Last week we found out who Max Powers is. What I thought was going to be a big deal for everyone turned out to be nothing... save for a handful of people who mistakenly thought Max Powers was a part of Forma Group (which he is obviously not).
The few bitter people seem to be fuming about being so wrong and now they want to take it out on poor Max Powers. So angry are some of these people that they are willing to make alliances with their sworn enemies just to make themselves feel better. Read Lionstar's rant HERE.
I get why Abeytia would be mad. Max was hard on him. He attacked his family, job and credibility. Part of me feels bad for Jaime and the other part me realizes that he's 1. a guy who got himself in trouble 2. someone who put himself purposely out in the public domain. It's hard to feel too sorry for him for too long. After all, I've had a lot of headaches over my blog posts, but I caused them by choosing to be out there saying things people didn't/don't like.
In Abeytia's post he's basically begging Four Names Allala to sue Max Powers (actually, to sue the guy behind Max Powers). That's uncool and unethical for one blogger to do to another. Could any one of us get sued by someone? Yes. Have I mentioned to other bloggers that they were setting themselves up for a suit? Yes. I have cheered on someone hoping they'd sue another blogger? No. Even when it comes to Martin Paredes who is a liar paid to slander the enemies of his boss - I wouldn't encourage anyone to sue him. Although, eventually it's going to happen because he's so careless with the truth and he claims he's a legitimate news source.
I was sued once. I actually dared the guy to sue me in an open letter posted to Newspaper Tree. Stuart Leeds had sent me a cease and desist letter about a blog post. He did that because he had no grounds to sue. He had suffered no damages. He merely wanted to scare me (this what lawyers do most of the time). I was not scared. I dared him to sue me and gave him no choice but to do so. The lawsuit was - as many lawyers who reviewed it described - laughable. Even so, I didn't feel great about it. I did have a ton of lawyers volunteering to represent me because of their dislike of who was suing me. I got off easy - the whole thing cost me next to nothing and I have a very interesting deposition in my pocket. The basic facts were that the plaintiff could prove no damages - and that's the most important part. As you can see - the suit was dropped and I continue to blog to this day.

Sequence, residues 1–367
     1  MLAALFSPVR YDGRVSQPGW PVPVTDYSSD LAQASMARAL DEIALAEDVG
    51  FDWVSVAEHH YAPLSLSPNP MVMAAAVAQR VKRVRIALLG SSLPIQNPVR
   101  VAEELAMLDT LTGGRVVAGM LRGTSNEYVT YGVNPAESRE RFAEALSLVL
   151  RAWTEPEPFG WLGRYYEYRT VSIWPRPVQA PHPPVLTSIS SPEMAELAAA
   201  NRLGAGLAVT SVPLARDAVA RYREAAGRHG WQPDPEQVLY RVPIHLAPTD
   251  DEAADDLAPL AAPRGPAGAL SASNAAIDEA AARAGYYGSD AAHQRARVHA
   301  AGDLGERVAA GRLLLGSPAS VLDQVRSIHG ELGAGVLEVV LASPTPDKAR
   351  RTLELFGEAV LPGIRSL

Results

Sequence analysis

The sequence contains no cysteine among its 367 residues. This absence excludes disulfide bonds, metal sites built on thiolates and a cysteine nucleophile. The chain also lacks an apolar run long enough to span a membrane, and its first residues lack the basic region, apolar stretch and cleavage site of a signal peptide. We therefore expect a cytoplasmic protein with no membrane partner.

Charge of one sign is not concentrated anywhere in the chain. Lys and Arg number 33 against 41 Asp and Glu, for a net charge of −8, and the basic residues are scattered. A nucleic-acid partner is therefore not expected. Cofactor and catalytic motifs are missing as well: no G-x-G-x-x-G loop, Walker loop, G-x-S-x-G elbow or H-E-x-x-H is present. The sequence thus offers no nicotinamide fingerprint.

The whole point of that exercise was to get me to stop blogging. Even people who didn't like me or what I had to say thought it was a shot at restricting my free speech. I got a lot of support that read "I hate you, but I will fight for your right to speak freely." Americans, for the most part, get that silencing even one voice could lead to the silencing of their own voice and they don't like that thought.
If Four Names Allala had a cause to sue - she would have done it already. You don't have to know the name of the blogger to file your suit. She's a lawyer and she knows that she would have to prove damages. She knows that she would have to find a person who would stand up in a court of law and say "I don't do business with Four Names Allala because of a blog post written by a guy named Max Powers." Trying to get someone who doesn't like you to testify on your behalf is very hard to pull off.
Lionstar in this case is being an asshole and breaking the unwritten code of bloggers. Sure, he can call Max an asshole etc., but wishing lawsuits on other bloggers is bad sauce. For Jaime to use Four Names Allala in this endeavor is even worse given she was as vicious toward him as Max was.
The bottom line is that Max was clearly satirical and new rules in Texas would protect in from a lawsuit rather efficiently. And let's not forget - a lot of people like Max and he'd probably have free representation, which would negate any effect a plaintiff with no case was trying to cause.
If you have a beef with a blogger you fight words with words. You don't go down the limiting free speech route or introduce prior restraint into what has become the most effective tool for amplifying the little guy's voice.